a cell will get a hole and leak after the WOW is a few years old. This is a problem as the WOW needs every cell  full to support itself, so…

8wow replacement cell

So you can buy replacement cells or make your own. Just take that leaky WOW and cut some good cells out of it for use as replacement cells for other leaky WOWs.

9wow installing rep cell

Take your replacement cell and fold it lengthwise in half as shown and slide it into the cell where the water leaked out.

10wow w replacement cell

Then fill up the replacement cell with water and it will hold up that cell. Now one last thing…

11wow finished with stakes

I put 3 bamboo stakes inside the WOW’s right next to the walls and make a tee-pee out of them and tie them together at the top in case the WOW wants to collapse from the wind, the tee-pee will hold the WOW up so it doesn’t crush the plant. These plants have been inside the WOWs for a while and I will take off the WOWs now. Just grab the WOW on opposite sides and pull them off the plant and dump the water back in the wells.

Soil temperature is Important When Planting Tomatoes


Now is the time to start planting our tomatoes and other warm season veggies outside in our gardens. So often we concentrate on only the air temperature to decide when to plant these crops but the soil temperature is actually just as important. Tomatoes should be planted when the soil temperature reaches a minimum of 60°F in the daytime. If you plant too early in cold soil, tomato (and pepper) seedlings sulk and will not be happy. Root development is very slow and the roots have difficulty absorbing nutrients. The plants could show phosphorus deficiency which shows up as stunted plants with purple leaves on the underside. If your plants get this, top dress them with some powdered rock phosphate and water in.  Nothing is gained from planting too early in the ground. This may account for why we always seem to get the bulk of our tomatoes in August and not earlier when planted outside no matter when we plant. The tomatoes will just sit there until the soil temperature is optimum.

To measure the soil temperature, use a soil thermometer. I prefer using a compost thermometer because they are much longer, usually around 24″ and can be used to check both the temperature of my compost pile and the soil in my vegetable bed before I plant tomatoes. Remember to push it in deeper into your bed as the tomato plant won’t be in the top 3″ but more likely planted deeper where the soil is cooler. I find the short soil thermometers just aren’t long enough to measure the soil temperatures more than about 5 inches and quite often I plant tomatoes much deeper. I got my compost thermometer online but I recently saw some at Payne’s Nursery here in Santa Fe.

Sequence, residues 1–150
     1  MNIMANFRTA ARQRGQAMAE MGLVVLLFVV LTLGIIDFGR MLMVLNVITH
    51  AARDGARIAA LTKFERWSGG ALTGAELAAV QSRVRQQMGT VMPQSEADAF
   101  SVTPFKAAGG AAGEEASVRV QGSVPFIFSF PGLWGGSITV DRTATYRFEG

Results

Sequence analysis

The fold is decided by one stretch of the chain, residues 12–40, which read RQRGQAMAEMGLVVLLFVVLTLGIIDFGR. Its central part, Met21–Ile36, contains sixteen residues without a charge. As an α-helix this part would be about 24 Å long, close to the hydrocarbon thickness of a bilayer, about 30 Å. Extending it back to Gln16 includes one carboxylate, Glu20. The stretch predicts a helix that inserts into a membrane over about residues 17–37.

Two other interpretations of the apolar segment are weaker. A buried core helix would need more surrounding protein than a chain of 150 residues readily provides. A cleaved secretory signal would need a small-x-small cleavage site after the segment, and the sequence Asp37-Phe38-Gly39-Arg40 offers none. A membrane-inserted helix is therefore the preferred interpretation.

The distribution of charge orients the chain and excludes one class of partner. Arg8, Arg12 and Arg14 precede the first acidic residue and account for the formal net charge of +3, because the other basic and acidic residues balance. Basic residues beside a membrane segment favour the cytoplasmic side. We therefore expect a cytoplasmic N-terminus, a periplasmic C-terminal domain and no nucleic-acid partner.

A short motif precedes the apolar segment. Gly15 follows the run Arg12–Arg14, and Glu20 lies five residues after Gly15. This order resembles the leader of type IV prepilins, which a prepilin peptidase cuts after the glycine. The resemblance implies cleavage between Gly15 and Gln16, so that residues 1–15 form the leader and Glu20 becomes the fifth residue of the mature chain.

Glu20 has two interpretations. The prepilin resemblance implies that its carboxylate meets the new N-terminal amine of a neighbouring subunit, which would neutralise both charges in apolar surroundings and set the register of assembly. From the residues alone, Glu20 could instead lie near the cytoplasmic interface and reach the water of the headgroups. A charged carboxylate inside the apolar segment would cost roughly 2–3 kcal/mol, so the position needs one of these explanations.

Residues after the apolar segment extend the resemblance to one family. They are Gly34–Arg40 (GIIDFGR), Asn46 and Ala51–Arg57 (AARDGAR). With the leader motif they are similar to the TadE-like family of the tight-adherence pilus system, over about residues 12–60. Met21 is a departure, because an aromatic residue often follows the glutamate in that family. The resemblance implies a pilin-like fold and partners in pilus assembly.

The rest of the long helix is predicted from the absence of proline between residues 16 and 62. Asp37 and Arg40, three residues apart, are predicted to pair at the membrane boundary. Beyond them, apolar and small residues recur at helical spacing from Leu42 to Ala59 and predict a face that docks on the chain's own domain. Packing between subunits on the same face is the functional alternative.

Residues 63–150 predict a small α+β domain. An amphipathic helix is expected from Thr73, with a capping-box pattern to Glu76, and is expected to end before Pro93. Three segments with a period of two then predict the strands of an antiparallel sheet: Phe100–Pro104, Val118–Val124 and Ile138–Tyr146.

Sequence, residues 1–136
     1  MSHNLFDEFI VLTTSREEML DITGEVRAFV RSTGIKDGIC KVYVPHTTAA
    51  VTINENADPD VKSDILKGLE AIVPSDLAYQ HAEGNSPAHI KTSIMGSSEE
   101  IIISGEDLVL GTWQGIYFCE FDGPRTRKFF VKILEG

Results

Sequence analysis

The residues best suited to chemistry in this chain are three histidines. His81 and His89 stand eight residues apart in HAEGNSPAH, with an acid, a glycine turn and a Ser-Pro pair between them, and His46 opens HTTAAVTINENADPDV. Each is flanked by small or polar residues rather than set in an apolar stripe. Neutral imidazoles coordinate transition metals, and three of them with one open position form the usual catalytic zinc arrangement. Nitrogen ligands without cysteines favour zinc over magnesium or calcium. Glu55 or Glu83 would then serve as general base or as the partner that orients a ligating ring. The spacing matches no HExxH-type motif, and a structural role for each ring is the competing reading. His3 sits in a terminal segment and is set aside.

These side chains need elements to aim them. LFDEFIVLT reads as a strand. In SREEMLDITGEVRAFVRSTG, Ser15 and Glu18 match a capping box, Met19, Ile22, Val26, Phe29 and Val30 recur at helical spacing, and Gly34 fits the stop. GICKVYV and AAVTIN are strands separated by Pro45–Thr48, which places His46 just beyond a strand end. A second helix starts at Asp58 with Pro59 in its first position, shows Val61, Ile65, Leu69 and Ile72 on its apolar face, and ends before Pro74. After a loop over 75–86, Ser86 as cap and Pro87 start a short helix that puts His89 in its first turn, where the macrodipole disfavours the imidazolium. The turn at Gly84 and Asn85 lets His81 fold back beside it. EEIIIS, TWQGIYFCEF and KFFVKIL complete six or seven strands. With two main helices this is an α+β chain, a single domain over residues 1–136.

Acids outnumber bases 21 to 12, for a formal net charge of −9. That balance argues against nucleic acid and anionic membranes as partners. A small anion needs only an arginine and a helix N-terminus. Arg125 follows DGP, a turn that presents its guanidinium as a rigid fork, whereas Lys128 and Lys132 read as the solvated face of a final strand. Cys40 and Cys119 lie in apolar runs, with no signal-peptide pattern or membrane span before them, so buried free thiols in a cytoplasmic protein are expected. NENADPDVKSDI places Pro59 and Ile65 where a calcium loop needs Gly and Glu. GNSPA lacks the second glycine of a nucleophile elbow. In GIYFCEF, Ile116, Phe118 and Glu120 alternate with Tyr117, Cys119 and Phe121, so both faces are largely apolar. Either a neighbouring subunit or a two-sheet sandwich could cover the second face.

To warm up soil sooner, you can put black plastic over the bed to pre-warm the soil. I use black plastic garbage bags that I tack down with rocks. That way I can reuse the bags later instead of buying a roll of black plastic. Leave it on for 1-2 weeks and take the temperature to see when the soil warms up to the optimum temperature. Many warm season vegetables could benefit from planting in warmer soil.

Here is a chart I found from Farmerfredrant giving the optimum soil temperatures for planting vegetables. I’m showing it here but also listed it as a pdf (soil temperatures for veggie seeds ) so you can print it out as well.

soil temperatures for veggie seeds

Giant Pumpkin Cotyledon Leaves Compared to Tomato Cotyldon Leaves

Here’s a comparison of the giant pumpkin cotyledon leaves (the first 2 leaves to pop out) along with it’s first true leaf compared to a tomato cotyledon leaves along with it’s first true leaf. Notice the size difference! Giant pumpkin cotyledon leaves are the biggest baby leaves I’ve ever seen.

cotyledon leaves on giant pumpkin and tomato

Transplanted Tomatoes Again to Bigger Pots

Ok, yesterday I made another mess in the kitchen. I transplanted more tomatoes up to bigger pots from 2 inch pots to 4 inch pots. I washed the empty pots in bleach water and after planting them, I fertilized them with a weak solution of fish emulsion and Thrive. I knew I needed to transplant them as their roots were growing out of the bottom and they were starting to look stressed. Stressed? How can they be stresssed when they are in a nice warm cozy house under gro lights in a controlled environment-just wait till they get out in the ground, then they’ll be stressed! I tell them they got it cushy now. I think they know their going out early!